Lent 2017: Good Friday
IV Jesus meets His Mother
This darker path into the heart of pain
Was also hers whose love enfolded him
In flesh and wove him in her womb. Again
The sword is piercing. She, who cradled him
And gentled and protected her young son
Must stand and watch the cruelty that mars
Her maiden making. Waves of pain that stun
And sicken pass across his face and hers
As their eyes meet. Now she enfolds the world
He loves in prayer; the mothers of the disappeared
Who know her pain, all bodies bowed and curled
In desperation on this road of tears,
All the grief-stricken in their last despair,
Are folded in the mantle of her prayer.
Today is Good Friday, a day I used to dread. A day for more guilt, for thinking about how I myself put Jesus up on the cross. What a weird thing to think as a child, to consider how my fears and wonderings and sense of needing protection could be construed as sin. Not like all children are angels, but our mistakes are probably not what Jesus was thinking about while he was killed by the state and the religious men, sure of their own rightness.
My husband is an abuse survivor. So many of our friends and neighbors come from backgrounds rife with trauma and suffering. Do they need to sit quietly and consider their sins, consider how the blood of Jesus is on their hands? Or do they look up and see someone who suffered just as completely as they did, someone who was betrayed by the people who claimed to love God so much?
I myself have not been burned up by the world, by abuse and trauma and suffering. I live shoulder-to-shoulder with it, however, and lately this has been on my mind. I have been in a bit of a slump. I have started to feel like all of the world's needs are on my shoulders. So many unique individuals with so many complex situations and problems are shared with me, week by week. I cannot solve any of it. I can’t help my neighbors and I can’t help my country and I can’t help the countries who are being bombed by my people. I can’t help someone who is trying very hard to graduate high school or someone who wishes desperately they could attend their sister’s wedding half a banned country away. I can’t help find a good job that won’t hurt your back terribly, I can’t create legal pathway to citizenship when they simply don’t exist.
I think about all the things I cannot do, constantly. And every once in awhile, something comes across my path that perhaps I can do. Perhaps there are ways to be a stick in the spokes of the wheels of injustice. Perhaps there is a way to get involved in politics, neighborhood associations, city planning meetings, PTA’s. But all of this takes so much time, it is so much work, I don’t know what I am doing, I want other people to do it for me so I can support them. I have been feeling sorry for myself, is what I am trying to say.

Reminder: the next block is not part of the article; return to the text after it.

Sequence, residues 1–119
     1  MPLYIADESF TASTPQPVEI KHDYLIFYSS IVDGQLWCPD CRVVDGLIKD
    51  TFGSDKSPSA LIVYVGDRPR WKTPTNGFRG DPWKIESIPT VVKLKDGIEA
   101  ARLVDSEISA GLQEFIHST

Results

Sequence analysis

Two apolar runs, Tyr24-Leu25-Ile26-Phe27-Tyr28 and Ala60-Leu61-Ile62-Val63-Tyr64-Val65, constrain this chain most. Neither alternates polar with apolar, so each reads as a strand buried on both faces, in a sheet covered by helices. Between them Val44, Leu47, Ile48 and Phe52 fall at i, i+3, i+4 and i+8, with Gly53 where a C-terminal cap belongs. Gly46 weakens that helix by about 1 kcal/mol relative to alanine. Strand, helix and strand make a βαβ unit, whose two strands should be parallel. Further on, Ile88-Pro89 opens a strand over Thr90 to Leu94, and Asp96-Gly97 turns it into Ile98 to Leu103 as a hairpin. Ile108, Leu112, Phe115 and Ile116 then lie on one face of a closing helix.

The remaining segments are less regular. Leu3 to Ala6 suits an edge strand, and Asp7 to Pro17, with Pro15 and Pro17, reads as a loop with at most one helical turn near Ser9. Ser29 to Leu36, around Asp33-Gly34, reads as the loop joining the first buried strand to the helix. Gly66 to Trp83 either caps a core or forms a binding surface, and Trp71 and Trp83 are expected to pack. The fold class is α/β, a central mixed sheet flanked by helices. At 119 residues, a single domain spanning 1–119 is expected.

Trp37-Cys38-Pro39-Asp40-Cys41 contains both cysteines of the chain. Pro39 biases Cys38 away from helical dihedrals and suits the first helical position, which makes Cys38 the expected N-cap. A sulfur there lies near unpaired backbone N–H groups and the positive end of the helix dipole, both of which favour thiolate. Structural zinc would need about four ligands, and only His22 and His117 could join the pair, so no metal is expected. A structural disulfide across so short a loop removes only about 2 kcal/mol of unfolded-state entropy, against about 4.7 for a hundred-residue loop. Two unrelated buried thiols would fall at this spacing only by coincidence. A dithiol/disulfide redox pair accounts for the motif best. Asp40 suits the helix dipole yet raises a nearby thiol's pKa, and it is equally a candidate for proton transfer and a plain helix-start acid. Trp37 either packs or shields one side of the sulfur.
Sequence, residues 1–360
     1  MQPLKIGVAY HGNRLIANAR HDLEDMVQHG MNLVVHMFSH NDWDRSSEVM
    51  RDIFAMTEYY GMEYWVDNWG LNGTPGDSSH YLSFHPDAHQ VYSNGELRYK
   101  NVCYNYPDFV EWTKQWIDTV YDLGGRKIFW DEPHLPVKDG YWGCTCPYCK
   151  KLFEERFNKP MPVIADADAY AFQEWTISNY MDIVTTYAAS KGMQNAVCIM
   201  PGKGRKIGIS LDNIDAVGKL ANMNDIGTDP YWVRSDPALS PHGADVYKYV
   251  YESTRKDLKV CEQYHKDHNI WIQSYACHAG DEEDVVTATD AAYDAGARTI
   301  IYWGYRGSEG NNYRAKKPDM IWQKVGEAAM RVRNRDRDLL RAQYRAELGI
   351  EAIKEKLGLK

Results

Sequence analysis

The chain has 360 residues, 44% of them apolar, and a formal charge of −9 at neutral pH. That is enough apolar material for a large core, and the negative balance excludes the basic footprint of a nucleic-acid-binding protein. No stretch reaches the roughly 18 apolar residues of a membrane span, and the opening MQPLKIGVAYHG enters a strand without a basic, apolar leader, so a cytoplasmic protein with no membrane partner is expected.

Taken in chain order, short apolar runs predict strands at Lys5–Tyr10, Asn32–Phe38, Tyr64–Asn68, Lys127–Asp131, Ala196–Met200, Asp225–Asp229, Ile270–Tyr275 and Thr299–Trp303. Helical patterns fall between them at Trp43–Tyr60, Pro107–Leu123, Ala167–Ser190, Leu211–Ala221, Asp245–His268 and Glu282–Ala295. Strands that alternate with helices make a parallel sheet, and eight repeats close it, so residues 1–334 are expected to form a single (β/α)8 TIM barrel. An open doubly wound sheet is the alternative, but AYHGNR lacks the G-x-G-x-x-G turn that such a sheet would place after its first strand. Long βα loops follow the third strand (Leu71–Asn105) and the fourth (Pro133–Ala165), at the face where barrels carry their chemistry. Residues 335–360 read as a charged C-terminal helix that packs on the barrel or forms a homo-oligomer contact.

Recently I read a quote by Albert Schweitzer. “Only a person who feels his preference to be a matter of course, not something out of the ordinary, and who has no thought to heroism but only of a duty undertaken with sober enthusiasm, is capable of being the sort of spiritual pioneer the world needs” This hit me in the guts, because I am finding the need to get over myself. I want so badly to share my unique neighborhood, our blessings and challenges, the minutia of my life, what makes it so different and hard and good. I guess I am back to fighting with my old nemesis, my white savior complex, which I believe is something I will struggle with the rest of my life. But instead of trying to be a spiritual pioneer, I feel the deep need to see those that are already around me, and pray for more to join the ranks.
Today, on good friday, there are so many wars rippling under the surface. In the days to come, there will be need more pressing than ever for spiritual pioneers who hold fast to the beliefs that every human being is made in the image of God, and that the only path Jesus has made for us is one of nonviolent resistance rooted in self-sacrificial love. We must be anti-war, anti-death, anti-terrorism, anti-greed, anti-white supremacy, anti-nationalism. We must see how closely aligned we are with those who are being bombed or gassed, how we are all equally beloved children of God.
This Lent I chose to immerse myself in the stories of my undocumented neighbors. I learned more about their suffering than perhaps I would have liked, because it revealed truths about my country and my own complacency that are so hard to reconcile. But through these stories my heart has cracked open wider. I always like to say I discovered God through my neighbors, and this is still certainly true. The spiritual pioneers our country desperately needs are already here, in the immigrant communities that serve us as a country. They are suffering, just like Jesus, under an unjust system. And yet they still believe, still have hope, still persevere.
Even though it is a day that is supposed to make me sad, I am already on the other side of good Friday. I already see how once you have had parts of yourself killed off, how this day is more about solidarity, about the most glorious picture of a God who loves and suffers with us. Today, on good Friday, I feel a weight being taken off my shoulders. Because I believe it. I believe in this great love which descends into hell and liberates the prisoners, which sees all and which will redeem the world. I believe in it not in spite of being close to suffering but because of it.
Forgive me this little sermon. It is always hardest to write about the things that are closest to our hearts. I think I am trying to say thank you. Thank you to Jesus, my bruised and battered brother. Thank you to my neighbors, especially those who are undocumented, for your example to me. Thank you to you, my readers, for joining in.
May you be blessed today, may we all be enfolded into the love of God.